Reading fluency is one of the most important skills for a child to master in the early elementary years. Not only does a fluent reader make the transition to being a fluent writer much more easily than a non-fluent reader, but as students get older reading plays an important role in math, science and social studies, too. If you’re concerned about your child’s reading skills, here are more than 10 ways to increase reading fluency.
Many students have trouble with reading fluency because they have trouble understanding how the pieces of words (such as chunks, digraphs and blends) are manipulated to make new words.
Sight words, sometimes known as core words, are the foundation of a child’s reading and writing skills. If he can’t quickly recognize common words, your child is more likely to stumble as he tries to sound out everything he reads.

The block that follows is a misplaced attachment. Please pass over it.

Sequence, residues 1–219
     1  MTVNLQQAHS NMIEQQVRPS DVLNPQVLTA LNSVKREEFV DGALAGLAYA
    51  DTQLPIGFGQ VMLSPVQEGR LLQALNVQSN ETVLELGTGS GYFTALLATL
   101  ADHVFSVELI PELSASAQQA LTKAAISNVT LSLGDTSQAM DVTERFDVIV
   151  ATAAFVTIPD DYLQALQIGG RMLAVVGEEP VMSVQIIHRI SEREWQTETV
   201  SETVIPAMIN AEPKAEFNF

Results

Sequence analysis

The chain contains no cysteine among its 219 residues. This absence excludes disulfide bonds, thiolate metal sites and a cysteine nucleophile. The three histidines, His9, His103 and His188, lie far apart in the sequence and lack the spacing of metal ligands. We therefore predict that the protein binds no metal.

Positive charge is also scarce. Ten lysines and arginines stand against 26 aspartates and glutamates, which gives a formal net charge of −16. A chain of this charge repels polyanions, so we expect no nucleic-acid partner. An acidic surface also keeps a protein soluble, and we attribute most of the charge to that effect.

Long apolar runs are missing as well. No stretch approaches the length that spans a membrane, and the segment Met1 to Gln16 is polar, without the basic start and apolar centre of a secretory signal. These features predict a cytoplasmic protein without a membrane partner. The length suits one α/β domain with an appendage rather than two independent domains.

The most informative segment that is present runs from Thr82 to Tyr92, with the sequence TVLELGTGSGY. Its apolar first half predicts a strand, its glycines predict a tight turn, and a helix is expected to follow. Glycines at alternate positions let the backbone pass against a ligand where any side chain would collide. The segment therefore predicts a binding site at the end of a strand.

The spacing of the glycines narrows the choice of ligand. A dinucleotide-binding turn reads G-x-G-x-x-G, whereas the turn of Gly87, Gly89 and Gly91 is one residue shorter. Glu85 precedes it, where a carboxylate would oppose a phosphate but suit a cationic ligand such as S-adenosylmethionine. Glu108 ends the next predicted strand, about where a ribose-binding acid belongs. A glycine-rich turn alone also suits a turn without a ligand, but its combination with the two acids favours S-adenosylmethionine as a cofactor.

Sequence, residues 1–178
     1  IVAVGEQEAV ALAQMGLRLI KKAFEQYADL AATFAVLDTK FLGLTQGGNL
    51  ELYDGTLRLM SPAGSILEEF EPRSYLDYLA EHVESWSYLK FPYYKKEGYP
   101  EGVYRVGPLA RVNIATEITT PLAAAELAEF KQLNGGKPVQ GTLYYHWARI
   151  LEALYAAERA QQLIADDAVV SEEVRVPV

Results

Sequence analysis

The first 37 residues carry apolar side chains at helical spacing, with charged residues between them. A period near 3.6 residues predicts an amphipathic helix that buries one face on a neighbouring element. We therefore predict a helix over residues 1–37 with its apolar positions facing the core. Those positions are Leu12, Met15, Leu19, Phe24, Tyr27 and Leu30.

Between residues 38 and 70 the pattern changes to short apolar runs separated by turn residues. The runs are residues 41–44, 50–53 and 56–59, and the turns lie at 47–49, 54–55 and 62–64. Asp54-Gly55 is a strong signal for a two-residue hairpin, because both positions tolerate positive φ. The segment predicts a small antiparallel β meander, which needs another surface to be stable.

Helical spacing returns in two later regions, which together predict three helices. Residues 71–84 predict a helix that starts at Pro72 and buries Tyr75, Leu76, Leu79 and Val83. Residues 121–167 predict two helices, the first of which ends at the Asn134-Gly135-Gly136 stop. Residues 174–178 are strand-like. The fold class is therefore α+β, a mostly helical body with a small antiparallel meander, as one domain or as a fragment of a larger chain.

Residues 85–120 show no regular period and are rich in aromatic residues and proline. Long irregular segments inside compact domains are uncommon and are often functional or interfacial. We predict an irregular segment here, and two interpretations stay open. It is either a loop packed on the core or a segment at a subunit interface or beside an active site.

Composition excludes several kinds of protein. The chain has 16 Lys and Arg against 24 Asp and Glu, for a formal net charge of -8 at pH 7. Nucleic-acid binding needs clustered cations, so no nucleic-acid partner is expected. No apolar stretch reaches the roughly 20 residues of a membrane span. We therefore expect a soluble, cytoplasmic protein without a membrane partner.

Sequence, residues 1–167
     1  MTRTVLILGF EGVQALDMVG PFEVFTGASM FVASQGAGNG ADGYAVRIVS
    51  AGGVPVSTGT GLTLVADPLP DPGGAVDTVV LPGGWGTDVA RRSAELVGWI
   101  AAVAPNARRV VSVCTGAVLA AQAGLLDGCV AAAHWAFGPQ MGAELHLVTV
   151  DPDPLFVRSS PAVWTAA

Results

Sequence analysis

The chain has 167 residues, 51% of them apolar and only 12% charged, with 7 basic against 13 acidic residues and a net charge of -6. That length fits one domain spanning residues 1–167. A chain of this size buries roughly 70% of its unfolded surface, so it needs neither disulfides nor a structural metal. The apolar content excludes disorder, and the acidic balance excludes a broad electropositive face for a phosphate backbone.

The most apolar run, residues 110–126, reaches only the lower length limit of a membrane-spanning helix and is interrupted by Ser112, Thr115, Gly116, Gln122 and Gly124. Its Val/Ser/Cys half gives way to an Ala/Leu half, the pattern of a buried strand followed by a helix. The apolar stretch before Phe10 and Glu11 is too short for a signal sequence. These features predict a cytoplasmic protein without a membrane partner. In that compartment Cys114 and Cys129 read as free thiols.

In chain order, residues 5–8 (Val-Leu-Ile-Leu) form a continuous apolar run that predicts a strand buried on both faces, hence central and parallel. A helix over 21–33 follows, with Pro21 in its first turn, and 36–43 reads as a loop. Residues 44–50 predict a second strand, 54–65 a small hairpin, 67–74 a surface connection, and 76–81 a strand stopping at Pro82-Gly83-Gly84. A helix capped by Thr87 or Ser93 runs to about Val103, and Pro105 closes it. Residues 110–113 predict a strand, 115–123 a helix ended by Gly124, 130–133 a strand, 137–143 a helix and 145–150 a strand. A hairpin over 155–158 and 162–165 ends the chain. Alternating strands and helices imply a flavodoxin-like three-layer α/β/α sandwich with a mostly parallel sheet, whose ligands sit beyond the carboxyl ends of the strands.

6. Echo Reading
Echo reading is a great strategy for children who have great technical reading skills, but for whom prosody is a problem. If your child struggles to read with expression, try reading a section and then having him “echo” you, using the same intonations and emphasis you used.
Nothing gets a child more interested in a book than knowing that the character is having the same struggles or concerns that he is. Known as bibliotherapy, choosing books that can help children find solutions to problems they are facing can not only help build fluency, but also deal with issues like bullying and school refusal.
Audiobooks (which many of us remember as being “books on tape”) are a fantastic way for children to follow along as someone else reads. Even better is the fact that your child can listen to her favorite book over and over again without you having to read it a million times!
Fluency isn’t just about being able to recognize the words and read them expressively at a good pace. It’s also about understanding what you’ve read and being able to evaluate that information. Critical reading is a critical skill for third, fourth and fifth graders.
Though you may not like to admit it, sometimes a non-fluent reader is having trouble because of an underlying learning disability. If the strategies you’re trying to improve reading fluency don’t seem to be working, keep your eye out for other signs of reading problems.